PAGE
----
May 8, 2023

Purple Fluorite vs Amethyst: Discover the Differences

Learn about the differences between purple fluorite and amethyst to choose the perfect gemstone for you. A comprehensive guide awaits!

Purple Fluorite vs Amethyst

Are you in search of a gemstone that can add some sparkle and color to your life? Look no further than purple fluorite and amethyst!

Both of these stones are known for their beautiful shades of purple, but how do they differ?

Here, we will compare Purple Fluorite and Amethyst and highlight their unique features.

Composition and Color

Purple fluorite and amethyst may share a similar color, but their composition and origin are quite different.

A. Composition of Purple Fluorite

Purple fluorite is a mineral composed of calcium and fluoride (CaF2). It is often found in cubic or octahedral crystal forms, and its purple hue is caused by the presence of trace amounts of manganese.

B. Composition of Amethyst

Amethyst is a variety of quartz (SiO2) that gets its purple color from the presence of iron and aluminum impurities. The deeper the purple, the more iron is present in the crystal.

C. Comparison of Composition

The primary difference in composition between purple fluorite and amethyst is that purple fluorite is a calcium fluoride mineral, while amethyst is a variety of quartz. Both minerals have different crystal structures and impurities that give them their unique properties.

D. Comparison of Color

Both purple fluorite and amethyst exhibit various shades of purple, but there are differences in the tone and intensity of their color. While purple fluorite can have a lighter, almost lavender-like hue, amethysts can range from pale lilac to a deep violet.

When it comes to choosing between purple fluorite and amethyst, it’s important to consider the composition and color that best suits your needs.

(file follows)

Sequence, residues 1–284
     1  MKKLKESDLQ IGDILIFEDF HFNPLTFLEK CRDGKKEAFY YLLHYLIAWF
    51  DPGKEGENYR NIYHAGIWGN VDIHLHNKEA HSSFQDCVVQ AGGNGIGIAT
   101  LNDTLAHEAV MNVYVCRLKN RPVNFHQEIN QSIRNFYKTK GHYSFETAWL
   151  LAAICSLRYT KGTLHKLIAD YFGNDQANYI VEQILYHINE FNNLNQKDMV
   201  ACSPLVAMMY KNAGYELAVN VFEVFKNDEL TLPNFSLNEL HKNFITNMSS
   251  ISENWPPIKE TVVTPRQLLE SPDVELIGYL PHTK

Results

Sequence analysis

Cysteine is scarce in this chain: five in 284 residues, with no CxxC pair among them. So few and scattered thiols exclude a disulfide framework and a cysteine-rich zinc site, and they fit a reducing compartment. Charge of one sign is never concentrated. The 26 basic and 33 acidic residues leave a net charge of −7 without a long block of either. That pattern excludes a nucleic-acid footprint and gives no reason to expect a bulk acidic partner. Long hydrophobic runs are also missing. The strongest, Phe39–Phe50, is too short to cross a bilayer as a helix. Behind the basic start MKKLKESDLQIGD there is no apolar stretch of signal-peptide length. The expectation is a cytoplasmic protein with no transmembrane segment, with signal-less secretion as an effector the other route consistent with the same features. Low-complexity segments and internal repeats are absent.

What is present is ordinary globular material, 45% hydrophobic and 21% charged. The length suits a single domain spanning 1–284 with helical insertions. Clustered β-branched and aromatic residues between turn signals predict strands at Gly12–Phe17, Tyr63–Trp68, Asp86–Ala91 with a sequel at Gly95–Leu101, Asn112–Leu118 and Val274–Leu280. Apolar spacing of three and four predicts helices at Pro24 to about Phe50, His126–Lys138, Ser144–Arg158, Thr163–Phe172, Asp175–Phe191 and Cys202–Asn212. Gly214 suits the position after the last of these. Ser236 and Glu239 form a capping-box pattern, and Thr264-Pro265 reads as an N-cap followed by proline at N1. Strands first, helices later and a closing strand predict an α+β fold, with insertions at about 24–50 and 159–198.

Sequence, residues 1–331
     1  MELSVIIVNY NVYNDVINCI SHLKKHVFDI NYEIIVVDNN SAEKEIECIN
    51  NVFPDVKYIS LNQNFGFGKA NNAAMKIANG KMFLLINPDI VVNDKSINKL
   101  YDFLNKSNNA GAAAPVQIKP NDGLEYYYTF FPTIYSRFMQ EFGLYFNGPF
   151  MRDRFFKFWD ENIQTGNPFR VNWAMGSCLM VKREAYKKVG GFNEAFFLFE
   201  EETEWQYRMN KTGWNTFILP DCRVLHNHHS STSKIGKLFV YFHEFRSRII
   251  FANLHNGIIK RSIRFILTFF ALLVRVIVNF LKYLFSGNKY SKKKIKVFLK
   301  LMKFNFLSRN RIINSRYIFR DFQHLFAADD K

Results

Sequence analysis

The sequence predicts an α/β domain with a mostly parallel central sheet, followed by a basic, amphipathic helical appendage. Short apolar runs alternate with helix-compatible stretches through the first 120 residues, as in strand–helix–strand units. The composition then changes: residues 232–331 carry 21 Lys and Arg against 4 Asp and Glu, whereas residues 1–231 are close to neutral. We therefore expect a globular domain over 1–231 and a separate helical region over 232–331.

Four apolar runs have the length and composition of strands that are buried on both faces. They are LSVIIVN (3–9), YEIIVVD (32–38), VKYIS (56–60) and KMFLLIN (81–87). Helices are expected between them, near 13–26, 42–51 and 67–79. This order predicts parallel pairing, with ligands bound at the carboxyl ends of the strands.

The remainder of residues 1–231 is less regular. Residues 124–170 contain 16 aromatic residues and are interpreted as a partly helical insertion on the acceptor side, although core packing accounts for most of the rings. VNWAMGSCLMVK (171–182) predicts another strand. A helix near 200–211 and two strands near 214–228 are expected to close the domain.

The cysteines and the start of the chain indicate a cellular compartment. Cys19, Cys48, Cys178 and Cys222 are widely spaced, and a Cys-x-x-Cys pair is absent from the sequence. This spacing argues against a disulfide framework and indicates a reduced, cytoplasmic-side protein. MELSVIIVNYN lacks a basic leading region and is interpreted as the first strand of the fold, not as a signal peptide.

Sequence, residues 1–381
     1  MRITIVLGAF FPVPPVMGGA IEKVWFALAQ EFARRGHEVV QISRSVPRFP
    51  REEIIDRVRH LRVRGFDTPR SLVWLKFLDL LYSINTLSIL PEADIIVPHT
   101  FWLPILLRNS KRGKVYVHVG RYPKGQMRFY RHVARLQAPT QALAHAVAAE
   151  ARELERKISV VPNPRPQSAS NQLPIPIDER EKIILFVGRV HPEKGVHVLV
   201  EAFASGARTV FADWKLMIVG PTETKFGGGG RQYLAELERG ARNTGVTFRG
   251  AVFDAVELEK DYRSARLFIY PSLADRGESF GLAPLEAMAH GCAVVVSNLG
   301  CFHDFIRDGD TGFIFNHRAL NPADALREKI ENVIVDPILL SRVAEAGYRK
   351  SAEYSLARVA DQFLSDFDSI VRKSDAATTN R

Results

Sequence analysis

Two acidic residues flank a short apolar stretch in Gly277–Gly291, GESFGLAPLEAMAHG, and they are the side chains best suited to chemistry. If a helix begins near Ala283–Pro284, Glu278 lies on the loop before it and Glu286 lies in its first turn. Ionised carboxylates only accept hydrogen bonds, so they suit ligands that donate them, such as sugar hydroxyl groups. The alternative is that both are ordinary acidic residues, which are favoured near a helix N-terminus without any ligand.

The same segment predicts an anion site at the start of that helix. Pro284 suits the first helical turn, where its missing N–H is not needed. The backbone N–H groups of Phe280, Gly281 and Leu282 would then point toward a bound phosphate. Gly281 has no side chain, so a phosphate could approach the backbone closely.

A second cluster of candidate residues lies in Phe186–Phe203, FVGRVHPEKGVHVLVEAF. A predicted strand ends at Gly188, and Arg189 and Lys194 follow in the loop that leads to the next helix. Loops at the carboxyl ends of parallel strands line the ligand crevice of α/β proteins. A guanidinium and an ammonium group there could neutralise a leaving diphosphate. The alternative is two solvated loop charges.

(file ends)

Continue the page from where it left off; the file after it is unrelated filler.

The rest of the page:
As Thomas Farley, President of the Gemological Institute of America, explains: “The choice between purple fluorite and amethyst depends on the individual’s personal preference for color, and their intended use for the gemstone.”

Physical Properties

The physical properties of gemstones are important to consider when determining their suitability for various purposes.

A. Mohs Scale of Hardness

One factor to consider is a gemstone’s hardness, which is measured on the Mohs scale. Purple fluorite has a Mohs hardness of 4, making it relatively soft and vulnerable to scratches and chipping. Amethyst, on the other hand, has a Mohs hardness of 7, making it more durable and suitable for everyday wear.

B. Specific Gravity

Another important physical property to consider is specific gravity, which measures the density of a mineral. Purple fluorite has a specific gravity of 3.18-3.25, while amethyst has a specific gravity of 2.65.

C. Cleavage and Fracture

Cleavage and fracture are also important properties to consider. Purple fluorite has a perfect cleavage in four directions, meaning it breaks easily along flat surfaces. Amethyst has a conchoidal fracture, meaning it breaks into curved, shell-like pieces.

D. Other Physical Properties

Other physical properties to consider include transparency, luster, and refraction. Purple fluorite is generally transparent to translucent and has a vitreous (glassy) luster. Amethyst can range from transparent to opaque and has a vitreous to resinous luster.

It’s important to consider the physical properties of gemstones when selecting them for various purposes, such as jewelry-making or spiritual practices.

As gemologist Antoinette Matlins notes: “It is essential to understand the properties of each gemstone you select, as they have different strengths and weaknesses. This will help you choose the right gemstone for your needs.”


The formation of gemstones can tell us a lot about their properties and characteristics. Let’s take a closer look at how purple fluorite and amethyst are formed.

A. Formation of Purple Fluorite

Purple fluorite is formed through hydrothermal processes, where hot water and minerals mix together to create deposits in veins, often in association with metallic ores. The purple color is caused by the presence of manganese ions, which replace calcium ions in the crystal lattice.